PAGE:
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Reed Again Calls for Balanced Solution to Stop Sequester

Press Release

Location: Washington, DC

Today, despite the fact that a majority of U.S. Senators voted for a reasonable compromise to stop across-the-board spending cuts known as the sequester, Senate Republicans filibustered the bill. The Democratic plan, known as the American Family Economic Protection Act, supported by U.S. Senator Jack Reed (D-RI), would have replaced $85 billion in cuts through 2013 with a balanced approach of 50% in spending cuts and 50% in revenues. Rather than slashing programs that are critical to job growth, health, and education programs, Democrats sought to target cuts to wasteful farm subsidies and close tax loopholes, among other provisions.

"We need a balanced approach to strengthen our economy and avoid sequestration. It is disappointing that Republicans have rejected compromise, but I will keep working to find a solution. Even though sequestration starts tomorrow, we could still head off the most damaging impacts -- which aren't expected to kick in right away -- if the other side is willing to move," said Reed.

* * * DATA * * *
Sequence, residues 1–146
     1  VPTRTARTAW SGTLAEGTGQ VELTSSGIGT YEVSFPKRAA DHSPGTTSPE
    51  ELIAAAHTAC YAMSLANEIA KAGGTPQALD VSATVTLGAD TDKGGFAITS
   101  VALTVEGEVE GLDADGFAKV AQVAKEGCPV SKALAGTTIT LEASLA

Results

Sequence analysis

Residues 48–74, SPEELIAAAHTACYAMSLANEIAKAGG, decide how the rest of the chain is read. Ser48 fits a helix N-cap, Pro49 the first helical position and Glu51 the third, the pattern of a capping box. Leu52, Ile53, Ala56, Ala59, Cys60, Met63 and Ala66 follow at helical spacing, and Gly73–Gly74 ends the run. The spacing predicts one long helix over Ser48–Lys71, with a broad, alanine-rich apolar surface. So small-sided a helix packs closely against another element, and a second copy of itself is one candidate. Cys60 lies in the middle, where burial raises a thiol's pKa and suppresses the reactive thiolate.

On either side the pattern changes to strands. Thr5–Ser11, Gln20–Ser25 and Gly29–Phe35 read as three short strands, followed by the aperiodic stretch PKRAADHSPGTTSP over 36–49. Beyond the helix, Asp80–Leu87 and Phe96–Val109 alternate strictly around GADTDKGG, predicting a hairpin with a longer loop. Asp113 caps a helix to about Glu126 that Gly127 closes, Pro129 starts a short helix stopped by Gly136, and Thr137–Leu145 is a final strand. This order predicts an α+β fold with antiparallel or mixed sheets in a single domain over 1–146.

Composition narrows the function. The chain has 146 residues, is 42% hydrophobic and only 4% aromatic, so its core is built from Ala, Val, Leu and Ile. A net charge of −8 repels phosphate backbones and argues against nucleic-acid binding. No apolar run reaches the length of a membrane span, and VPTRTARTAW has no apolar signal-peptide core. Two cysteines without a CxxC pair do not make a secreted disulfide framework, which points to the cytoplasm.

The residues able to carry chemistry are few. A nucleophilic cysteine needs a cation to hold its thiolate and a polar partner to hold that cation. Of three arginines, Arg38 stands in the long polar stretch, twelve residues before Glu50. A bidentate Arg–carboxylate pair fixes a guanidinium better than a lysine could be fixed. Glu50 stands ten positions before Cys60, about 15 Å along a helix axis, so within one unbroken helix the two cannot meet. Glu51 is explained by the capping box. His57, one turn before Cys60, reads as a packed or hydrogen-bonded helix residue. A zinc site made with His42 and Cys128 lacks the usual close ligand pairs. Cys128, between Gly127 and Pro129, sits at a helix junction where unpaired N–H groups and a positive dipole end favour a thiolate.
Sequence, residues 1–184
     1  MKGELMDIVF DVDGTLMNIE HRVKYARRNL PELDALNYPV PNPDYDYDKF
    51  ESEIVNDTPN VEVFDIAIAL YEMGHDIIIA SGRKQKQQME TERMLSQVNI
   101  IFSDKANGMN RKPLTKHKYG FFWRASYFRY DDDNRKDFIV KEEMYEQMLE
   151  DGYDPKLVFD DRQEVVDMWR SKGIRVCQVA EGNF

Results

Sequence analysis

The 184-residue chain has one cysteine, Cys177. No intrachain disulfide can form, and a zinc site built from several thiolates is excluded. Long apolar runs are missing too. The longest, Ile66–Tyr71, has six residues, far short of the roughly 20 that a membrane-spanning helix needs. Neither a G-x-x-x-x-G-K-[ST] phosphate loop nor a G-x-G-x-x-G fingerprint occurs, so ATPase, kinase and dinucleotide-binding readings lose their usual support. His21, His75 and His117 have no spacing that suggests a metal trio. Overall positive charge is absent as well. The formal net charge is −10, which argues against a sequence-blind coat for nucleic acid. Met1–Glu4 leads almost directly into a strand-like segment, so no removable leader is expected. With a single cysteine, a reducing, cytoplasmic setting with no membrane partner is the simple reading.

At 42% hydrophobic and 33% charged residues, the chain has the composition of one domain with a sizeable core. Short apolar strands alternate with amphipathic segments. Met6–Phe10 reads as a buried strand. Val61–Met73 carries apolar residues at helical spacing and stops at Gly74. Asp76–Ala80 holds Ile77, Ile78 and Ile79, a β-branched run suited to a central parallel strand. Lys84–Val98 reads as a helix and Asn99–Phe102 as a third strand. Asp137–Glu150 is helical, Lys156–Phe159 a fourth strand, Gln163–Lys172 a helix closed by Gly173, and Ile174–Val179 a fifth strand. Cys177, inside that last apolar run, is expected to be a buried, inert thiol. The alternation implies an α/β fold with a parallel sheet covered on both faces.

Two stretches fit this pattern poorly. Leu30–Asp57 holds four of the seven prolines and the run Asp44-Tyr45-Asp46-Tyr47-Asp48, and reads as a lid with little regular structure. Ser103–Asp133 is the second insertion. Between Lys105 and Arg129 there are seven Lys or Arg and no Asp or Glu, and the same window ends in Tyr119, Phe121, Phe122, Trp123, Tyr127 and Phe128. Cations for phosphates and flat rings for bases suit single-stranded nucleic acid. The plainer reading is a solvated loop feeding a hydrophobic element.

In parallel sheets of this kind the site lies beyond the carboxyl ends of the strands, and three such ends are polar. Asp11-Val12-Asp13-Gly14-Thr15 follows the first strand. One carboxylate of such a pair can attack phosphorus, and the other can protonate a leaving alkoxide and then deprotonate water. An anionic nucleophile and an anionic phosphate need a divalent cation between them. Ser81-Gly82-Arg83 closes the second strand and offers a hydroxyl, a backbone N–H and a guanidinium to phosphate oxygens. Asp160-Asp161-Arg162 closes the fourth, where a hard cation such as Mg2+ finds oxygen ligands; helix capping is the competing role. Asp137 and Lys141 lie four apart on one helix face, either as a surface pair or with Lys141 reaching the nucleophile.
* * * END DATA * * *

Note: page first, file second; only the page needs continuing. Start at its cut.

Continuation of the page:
The non-partisan Congressional Budget Office warns that if Congress fails to take action, as many as 750,000 Americans could be laid off this year.

Reed noted that he has supported laws that have already reduced the deficit by $2.4 trillion over the next ten years, with the bulk of that reduction coming through spending cuts, but the sequester's arbitrary cuts could make us less secure at home and abroad.

"If a thoughtful compromise is not reached, some of our most vulnerable citizens -- including seniors and children in Head Start -- could pay the heaviest price. There is a more sensible way to do this. So far, Republicans have been unwilling to take that step. But we will keep working and hopefully we can pass balanced, targeted measures to reduce the deficit and promote job growth," concluded Reed.

Bipartisan congressional leaders are scheduled to attend a meeting tomorrow at the White House with President Obama. Late Thursday, Senate Majority Leader Harry Reid (D-NV) said it is still "not too late" to stop the cuts, but it will require Republicans agreeing with Democrats that a mix of revenues and cuts must be part of the solution.

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